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Focus on YOUR end of the deal

Sometimes we deny ourselves opportunities because we’re overly concerned about someone taking advantage of us.

While there may be a time and place for inquiring into other people’s motives, it is often nothing more than a distraction from the issue that really matters:

What do you want and will the course of action you’re taking lead to the attainment of your desire?

Focusing on other people’s motives can easily give rise to a defensive attitude which causes our creative focus to be misplaced.

I’ve seen people fail to close highly profitable business deals simply because they were afraid that the other party would perceive the transaction as a “steal.”

I’ve seen people refuse to participate in activities that would have greatly benefitted their health and happiness merely on account that someone would be “making money off of them.”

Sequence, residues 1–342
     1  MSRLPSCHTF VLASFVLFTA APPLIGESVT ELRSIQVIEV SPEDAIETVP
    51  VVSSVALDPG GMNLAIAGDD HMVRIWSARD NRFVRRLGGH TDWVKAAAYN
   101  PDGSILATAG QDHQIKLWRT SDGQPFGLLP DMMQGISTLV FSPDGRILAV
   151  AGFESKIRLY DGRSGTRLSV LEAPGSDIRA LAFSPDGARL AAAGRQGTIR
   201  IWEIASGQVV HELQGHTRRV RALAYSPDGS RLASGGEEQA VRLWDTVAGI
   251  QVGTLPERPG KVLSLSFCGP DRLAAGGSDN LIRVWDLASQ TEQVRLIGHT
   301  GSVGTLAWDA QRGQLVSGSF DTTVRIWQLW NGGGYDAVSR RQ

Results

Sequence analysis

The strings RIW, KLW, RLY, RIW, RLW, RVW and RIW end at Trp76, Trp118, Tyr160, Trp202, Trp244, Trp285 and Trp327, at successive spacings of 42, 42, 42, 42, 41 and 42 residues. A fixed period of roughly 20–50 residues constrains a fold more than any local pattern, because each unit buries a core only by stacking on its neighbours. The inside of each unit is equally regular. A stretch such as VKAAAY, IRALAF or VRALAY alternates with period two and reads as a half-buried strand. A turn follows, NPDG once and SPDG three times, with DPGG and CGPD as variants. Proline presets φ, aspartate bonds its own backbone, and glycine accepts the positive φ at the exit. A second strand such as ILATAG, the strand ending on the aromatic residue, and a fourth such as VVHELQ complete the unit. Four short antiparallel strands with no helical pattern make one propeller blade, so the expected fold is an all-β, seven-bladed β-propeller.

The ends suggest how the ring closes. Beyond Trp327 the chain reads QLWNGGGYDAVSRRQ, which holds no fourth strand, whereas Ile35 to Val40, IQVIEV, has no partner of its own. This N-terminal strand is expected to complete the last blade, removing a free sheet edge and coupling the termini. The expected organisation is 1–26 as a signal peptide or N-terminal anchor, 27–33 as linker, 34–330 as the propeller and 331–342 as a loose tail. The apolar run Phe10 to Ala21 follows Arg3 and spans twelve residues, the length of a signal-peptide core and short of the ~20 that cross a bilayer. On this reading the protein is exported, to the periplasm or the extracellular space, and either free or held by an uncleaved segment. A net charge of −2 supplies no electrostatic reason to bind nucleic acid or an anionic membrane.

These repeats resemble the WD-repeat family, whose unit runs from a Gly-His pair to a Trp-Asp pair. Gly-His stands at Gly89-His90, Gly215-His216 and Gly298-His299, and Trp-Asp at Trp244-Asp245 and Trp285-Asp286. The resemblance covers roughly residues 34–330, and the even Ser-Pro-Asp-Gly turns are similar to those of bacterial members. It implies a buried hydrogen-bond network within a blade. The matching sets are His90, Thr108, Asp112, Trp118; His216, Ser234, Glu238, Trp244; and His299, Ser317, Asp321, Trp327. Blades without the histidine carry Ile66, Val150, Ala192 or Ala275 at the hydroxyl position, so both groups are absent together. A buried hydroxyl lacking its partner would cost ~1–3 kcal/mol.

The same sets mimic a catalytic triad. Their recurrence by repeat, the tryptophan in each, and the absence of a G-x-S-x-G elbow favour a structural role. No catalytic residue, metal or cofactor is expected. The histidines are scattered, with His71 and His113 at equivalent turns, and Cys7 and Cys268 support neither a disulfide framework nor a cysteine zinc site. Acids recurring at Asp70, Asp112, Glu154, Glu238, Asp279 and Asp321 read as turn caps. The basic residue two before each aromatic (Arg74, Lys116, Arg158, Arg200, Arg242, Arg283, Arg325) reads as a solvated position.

This defensive-minded attitude of “playing not to lose” can be very costly.

When I walk into a restaurant, I’m not under the illusion that the employees adore me. I’m fully aware of the fact that my value to them lies in the money I spend there. In other words, they are there to make money off of me. No surprise. This fact, however, is irrelevant to me. What matters to me is that I get what I want out of the transaction. I go to the restaurant for a good meal and friendly service. As long as that desire is satisfied, who cares if they profit from me? Even if the manager laughs behind my back and thinks of me as a silly patron for spending money on food that isn’t “worth” the cost, who cares? Even if the owner of the restaurant feels like he’s ripping me off. who cares? The only question that matters to me is “did I get what I wanted out of the deal?”

Life is far more efficienct and enjoyable when we focus on what we want than when we obsess over what someone else is getting out of the deal.

There may be people out there who are trying to use you, but if you can stay more focused on creating what you want than on defeating their agenda, you wont have to spend much time worrying about them.

That’s my two cents,

T.K. Coleman

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